The idea would sit on the backburner for several years while Turtle Rock worked on other projects, but in late 2010 they had split amicably from Valve and become an independent studio and they decided that the time was right to make Evolve. At first it was set to be published by THQ, but after the publisher’s bankruptcy the title was picked up by 2K.

Boccieri explained where the core design came from. “They focused on the idea of four classes on the hunter side because of what they’d learned about co-operative play on Left 4 Dead,” he said. “Four is the magic number, the greatest number of allied players that a player can meaningfully keep in their head and still know what everyone is doing. Outside of that becomes a little more broad, and you end up just putting your head down and doing your own thing, like in Call of Duty or Battlefield, and that doesn’t lend itself to co-operative gameplay.”

“On the class side, that was Turtle Rock wanting to build a little more depth into co-operative play. In Left 4 Dead, even though there’s strong characterisation, the four character pretty much play the same,” he said. “In Evolve, we still have the deep characterisation, but each one has a completely different set of abilities.”

The classes seem familiar at a glance, but the longer you look, the more interesting they become. Take the medic, for example. Her core class ability is called the healing burst, a momentary aura that heals all allies within range as well as the medic herself. She also has a healing gun that can only be used on other players, not herself. So far so standard.

Things get odd when you look at her other abilities. Her offensive weapon is a slow-loading but powerful sniper rifle with a long-range zoom and the ability to punch holes in the monster’s armour that become weak points where her teammates can shoot for bonus damage. Her other weapon is a dart gun, which both tranquilises the monster, slowing it down, but also tags it for ten seconds or so, meaning the whole team can see where it is.

The other classes are equally quirky. The support class has a handheld shield gun that he can use to shield teammates from harm. As long as he keeps the beam on them, they cannot be hurt. However, he can also call down a devastating orbital strike that takes several seconds to warm up, so he needs his teammates to hold the monster in position. He can also cloak himself, an ability that also cloaks any teammates standing near him.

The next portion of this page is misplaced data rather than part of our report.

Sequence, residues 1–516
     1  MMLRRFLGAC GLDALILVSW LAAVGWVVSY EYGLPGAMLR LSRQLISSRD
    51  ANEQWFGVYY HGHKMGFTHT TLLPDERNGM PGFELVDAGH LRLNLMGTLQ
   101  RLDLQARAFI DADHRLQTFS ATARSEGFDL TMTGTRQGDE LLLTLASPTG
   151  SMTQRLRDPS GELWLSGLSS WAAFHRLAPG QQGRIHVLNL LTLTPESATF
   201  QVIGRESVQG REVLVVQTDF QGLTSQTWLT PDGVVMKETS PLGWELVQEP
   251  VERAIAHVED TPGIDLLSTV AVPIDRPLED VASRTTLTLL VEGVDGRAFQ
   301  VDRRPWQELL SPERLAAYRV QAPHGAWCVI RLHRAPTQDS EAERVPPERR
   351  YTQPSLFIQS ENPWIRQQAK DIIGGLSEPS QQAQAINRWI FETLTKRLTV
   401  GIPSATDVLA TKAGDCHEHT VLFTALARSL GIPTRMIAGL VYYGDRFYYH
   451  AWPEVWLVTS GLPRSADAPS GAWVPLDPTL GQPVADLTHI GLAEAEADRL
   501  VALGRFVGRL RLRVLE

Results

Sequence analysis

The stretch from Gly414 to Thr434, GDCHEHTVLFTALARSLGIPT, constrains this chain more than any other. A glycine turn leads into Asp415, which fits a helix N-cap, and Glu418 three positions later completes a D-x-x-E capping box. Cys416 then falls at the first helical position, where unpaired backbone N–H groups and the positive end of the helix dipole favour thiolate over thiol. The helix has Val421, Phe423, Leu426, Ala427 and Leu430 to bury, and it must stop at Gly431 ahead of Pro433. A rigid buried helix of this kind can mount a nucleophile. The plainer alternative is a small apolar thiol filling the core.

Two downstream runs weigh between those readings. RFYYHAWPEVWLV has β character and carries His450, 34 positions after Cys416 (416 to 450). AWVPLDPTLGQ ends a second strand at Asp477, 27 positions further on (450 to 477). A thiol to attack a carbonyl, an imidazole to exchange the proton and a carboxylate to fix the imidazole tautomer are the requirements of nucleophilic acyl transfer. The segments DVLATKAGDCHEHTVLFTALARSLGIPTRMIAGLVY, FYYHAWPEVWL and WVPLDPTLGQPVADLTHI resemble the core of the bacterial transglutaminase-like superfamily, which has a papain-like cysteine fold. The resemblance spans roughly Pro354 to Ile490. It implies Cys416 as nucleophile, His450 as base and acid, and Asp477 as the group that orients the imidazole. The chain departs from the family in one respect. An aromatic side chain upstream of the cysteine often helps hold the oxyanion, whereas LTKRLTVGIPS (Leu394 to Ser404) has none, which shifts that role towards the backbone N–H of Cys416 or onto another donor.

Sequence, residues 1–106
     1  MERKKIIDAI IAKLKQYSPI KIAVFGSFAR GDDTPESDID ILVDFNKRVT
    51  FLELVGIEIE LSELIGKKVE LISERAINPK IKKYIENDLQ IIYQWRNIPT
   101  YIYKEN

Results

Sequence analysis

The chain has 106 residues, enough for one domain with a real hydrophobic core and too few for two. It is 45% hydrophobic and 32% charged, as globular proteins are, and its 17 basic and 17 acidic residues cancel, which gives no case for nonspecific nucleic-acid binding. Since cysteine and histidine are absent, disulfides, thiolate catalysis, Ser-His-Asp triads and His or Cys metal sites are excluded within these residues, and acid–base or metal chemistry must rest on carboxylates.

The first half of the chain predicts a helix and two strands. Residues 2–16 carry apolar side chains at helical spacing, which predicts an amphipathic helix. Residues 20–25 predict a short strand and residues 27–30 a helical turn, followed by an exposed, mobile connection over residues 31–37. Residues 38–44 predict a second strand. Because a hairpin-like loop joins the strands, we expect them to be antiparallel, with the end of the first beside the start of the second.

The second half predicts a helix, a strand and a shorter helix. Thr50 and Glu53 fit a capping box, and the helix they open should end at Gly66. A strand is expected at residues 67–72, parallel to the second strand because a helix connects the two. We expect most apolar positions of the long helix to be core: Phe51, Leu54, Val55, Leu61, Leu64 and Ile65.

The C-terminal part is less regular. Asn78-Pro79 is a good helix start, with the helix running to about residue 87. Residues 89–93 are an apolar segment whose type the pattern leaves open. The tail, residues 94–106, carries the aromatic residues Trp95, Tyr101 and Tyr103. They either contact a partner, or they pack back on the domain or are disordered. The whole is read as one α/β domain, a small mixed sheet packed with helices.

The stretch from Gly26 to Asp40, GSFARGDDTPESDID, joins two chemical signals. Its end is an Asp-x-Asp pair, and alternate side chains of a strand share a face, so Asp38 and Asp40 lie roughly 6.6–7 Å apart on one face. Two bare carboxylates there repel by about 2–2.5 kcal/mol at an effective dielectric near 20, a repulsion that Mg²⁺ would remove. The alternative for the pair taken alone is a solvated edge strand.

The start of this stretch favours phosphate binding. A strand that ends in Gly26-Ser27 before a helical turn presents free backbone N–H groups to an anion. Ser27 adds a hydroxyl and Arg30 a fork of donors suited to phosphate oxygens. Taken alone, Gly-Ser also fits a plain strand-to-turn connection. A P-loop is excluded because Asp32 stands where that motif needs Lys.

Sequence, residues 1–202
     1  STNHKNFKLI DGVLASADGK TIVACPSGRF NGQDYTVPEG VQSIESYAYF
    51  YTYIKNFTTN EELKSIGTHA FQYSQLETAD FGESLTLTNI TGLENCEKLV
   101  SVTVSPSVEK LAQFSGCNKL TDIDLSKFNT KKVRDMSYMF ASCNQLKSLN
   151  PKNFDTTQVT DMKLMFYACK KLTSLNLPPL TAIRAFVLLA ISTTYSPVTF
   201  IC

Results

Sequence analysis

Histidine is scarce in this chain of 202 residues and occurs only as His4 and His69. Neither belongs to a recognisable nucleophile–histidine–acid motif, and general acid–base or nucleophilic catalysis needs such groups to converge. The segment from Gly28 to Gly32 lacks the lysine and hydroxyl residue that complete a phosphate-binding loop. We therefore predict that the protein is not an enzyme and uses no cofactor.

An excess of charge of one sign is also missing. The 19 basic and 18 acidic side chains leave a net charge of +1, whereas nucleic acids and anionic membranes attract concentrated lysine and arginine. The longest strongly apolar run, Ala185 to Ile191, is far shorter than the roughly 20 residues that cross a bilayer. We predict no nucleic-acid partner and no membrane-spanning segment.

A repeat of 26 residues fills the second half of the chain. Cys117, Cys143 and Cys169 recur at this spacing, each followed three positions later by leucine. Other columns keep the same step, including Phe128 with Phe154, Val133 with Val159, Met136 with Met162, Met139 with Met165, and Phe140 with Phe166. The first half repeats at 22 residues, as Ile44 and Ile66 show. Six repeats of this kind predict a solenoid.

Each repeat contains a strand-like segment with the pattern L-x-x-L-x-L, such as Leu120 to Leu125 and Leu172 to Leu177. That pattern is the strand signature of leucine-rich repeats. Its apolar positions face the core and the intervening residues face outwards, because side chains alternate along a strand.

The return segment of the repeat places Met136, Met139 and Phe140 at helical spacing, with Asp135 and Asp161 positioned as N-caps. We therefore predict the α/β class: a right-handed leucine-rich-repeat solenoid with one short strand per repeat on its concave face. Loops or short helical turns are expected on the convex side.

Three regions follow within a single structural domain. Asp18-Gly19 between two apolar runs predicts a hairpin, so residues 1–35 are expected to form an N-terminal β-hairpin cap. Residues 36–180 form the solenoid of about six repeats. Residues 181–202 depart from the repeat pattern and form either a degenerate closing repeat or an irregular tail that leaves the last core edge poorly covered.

The trapper is stranger still, with a wonderfully diverse set of abilities. He can plant sound-detecting spikes in the ground to detect the monster’s movement, harpoon the creature with an electric tether that may hold it in place just long enough for the orbital strike to warm up, and can also drop what’s called the “mobile arena”, a glowing dome that traps the monster in a small area to be shot to pieces.

The most straightforward is the assault class, which Boccieri and I both referred to as the “bullet hose”. He has a powerful lightning gun that only works at short range, and a weaker machine gun for longer range. He can also drop mines all over the battlefield and enable a personal shield that stops him being hurt for a few seconds.

Here’s the kicker, though: in Turtle Rock’s opinion, these four aren’t diverse enough. “Within each class there’ll be different hunters, and while they’ll fit the description of what that class does, they will have completely different abilities from other hunters in the same class,” Boccieri told me. “They’ll be a variation on the idea of an assault class or a medic class. They really get right down to the core of what any one class is supposed to and really pushing the boundaries of how that role can be performed.”